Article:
CUSTOMER TESTED SOFTWARE

Software supplied with the PDP-8 has been use- tested in over 75 installations of the program- compatible PDP-5.

ONE-PASS FORTRAN SYMBOLIC COMPILER

A FORTRAN symbolic compiler which includes dy- namic error correcting mode for tape modification without recompiling is supplied with each PDP-8.

MACRO-8 SYMBOLIC ASSEMBLER

Programs can be written in a convenient, meaningful symbolic language consisting of user-defined macro- instructions for translation into machine language by the MACRO-8 program.

DDT-8 PROGRAM

This program allows a programmer to correct and improve a new object program by communicating with the PDP-8 in the source language, via the

Teletype unit.

SYMBOLIC TAPE EDITOR PROGRAM

Fast accurate checking, editing, and/or updating of a program can be accomplished with the aid of this program.

BUS 110 SYSTEM

Data, select code, and control signals which pass between the PDP-8 processor and peripheral equip- ment use bussed connections which simplify system cabling and permit system expansion without mak- ing changes to the processor.

BUFFERED INPUTIOUTPUT

All peripheral equipment contains an input/output buffer register for data to be transferred with the computer so that various devices can be operated simultaneously at their maximum speed. The proces- sor does not wait for a device to complete its cycle before continuing the program.

Figure 1

-

Model PDP-8 showing removeable covers and swinging palets that allow access t o all components.

Figure

2

-

Model PDP-8 showing sliding drawer that facilitates maintenance.

APPLICATIONS

PDP-8's functionally equivalent predecessor, the

PDP-5,

is being

used

for

the

following applications:

RESEARCH EXPERIMENTS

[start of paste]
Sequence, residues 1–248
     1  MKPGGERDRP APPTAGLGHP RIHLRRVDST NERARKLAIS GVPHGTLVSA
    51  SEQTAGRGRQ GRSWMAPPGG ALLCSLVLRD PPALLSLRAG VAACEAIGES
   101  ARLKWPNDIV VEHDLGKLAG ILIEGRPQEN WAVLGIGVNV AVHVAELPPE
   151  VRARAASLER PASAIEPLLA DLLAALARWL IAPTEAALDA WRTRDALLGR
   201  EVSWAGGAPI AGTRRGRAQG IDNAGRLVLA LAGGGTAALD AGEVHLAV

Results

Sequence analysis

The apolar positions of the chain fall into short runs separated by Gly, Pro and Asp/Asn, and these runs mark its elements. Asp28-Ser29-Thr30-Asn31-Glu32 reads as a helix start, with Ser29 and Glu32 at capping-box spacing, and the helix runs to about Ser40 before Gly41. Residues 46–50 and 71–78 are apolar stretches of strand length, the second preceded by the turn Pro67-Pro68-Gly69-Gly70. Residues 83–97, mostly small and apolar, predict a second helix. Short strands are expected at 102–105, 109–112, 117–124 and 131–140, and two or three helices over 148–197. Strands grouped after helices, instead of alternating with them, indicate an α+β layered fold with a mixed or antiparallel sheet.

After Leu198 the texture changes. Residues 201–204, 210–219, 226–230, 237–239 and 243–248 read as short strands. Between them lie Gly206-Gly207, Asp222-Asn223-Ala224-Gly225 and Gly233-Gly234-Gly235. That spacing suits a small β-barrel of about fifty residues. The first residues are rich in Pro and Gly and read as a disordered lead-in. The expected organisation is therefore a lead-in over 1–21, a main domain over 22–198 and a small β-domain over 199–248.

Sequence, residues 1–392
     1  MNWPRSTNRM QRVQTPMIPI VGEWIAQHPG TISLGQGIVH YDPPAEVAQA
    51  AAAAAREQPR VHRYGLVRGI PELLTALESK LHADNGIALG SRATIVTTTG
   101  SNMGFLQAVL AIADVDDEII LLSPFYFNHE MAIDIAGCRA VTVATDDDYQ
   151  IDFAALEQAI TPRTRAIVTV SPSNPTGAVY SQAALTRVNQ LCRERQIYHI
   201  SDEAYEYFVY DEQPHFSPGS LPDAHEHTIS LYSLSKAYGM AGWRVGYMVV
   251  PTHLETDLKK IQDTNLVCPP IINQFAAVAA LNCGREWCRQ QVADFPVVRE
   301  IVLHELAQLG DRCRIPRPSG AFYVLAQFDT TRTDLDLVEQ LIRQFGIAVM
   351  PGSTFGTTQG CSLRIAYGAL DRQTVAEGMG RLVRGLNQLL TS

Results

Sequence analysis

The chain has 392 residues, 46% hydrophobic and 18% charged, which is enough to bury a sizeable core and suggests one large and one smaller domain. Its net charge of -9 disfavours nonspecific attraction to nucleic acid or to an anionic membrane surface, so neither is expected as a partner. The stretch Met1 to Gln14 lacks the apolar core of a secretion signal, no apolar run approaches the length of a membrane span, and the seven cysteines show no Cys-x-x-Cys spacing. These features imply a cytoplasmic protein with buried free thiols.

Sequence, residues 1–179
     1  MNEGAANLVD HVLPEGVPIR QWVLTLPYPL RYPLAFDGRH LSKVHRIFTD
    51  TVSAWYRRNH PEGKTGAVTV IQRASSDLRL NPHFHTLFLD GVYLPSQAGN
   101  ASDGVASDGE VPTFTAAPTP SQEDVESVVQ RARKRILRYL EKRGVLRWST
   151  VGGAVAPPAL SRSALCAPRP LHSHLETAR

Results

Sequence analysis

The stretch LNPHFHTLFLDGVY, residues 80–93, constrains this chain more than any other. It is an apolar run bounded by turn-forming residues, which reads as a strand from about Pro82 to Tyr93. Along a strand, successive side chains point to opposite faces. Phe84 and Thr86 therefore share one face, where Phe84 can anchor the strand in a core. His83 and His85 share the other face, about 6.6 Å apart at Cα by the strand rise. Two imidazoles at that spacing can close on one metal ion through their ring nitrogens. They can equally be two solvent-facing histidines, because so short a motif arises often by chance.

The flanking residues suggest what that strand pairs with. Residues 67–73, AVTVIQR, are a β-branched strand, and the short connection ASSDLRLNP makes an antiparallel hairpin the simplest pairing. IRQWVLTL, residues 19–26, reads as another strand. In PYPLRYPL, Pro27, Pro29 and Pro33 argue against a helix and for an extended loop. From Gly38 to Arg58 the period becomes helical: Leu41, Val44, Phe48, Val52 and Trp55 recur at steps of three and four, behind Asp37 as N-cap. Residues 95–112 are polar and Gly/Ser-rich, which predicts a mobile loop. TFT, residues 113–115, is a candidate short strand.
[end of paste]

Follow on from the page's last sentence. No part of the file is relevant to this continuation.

AND

MEASUREMENT

Pulse-height analysis

Time-of-flight and bubble-chamber measurements

General physics investigation and multichannel-multi- parameter analyzer

QUALIW CONTROL TESTING

AND

STATISTICAL ANALYSIS

Tensi le-strength testing

Electronic component testing

Analog

and

digital circuit module testing

Computer peripheral equipment testing

DATA ACQUISITION, LOGGING, REDUCTION,

AND

ANALYSIS

Oceanographic research

Biomedical research

Telemetry

Real-time analog signal monitoring

PROCESS CONTROL

Steel mill control

Typesetting

Chemical and Petroleum industry process control

Nuclear reactor monitor and control

DATA PROCESSING

Open shop computing

Hybrid processing

Media conversion

Multi-user time-shared computing

Message switching systems

Data

collection and processing from remote stations

EDUCATION AND TRAINING

The PDP-8 is an instruction-address, two's comple- ment binary computer which is ideally suited for teaching engineering and programming fundamentals in colleges, high schools, military and industrial schools.

Specific information about each of these applications can be obtained by contacting our Maynard office.

STANDARD PDP-8

FUNCTIONAL COMPONENTS

4

The standard PDP-8,

in

any physical configuration, consists of a processor, core memory, operator console, input/output facilities, and a Teletype input/output device. This equipment, shown

in

Figure 3,

constitutes

a complete

computer system

capable of performing

general purpose

computa- tions

and/or

control functions. Expansion of the system

by

addition of optional

equipment

can be

accomplished

to perform a specific

function

or to serve

in

a particular

application.

PROCESSOR

All logic and

arithmetic

operations, and

control functions

are performed by

the

processor.

The

major registers and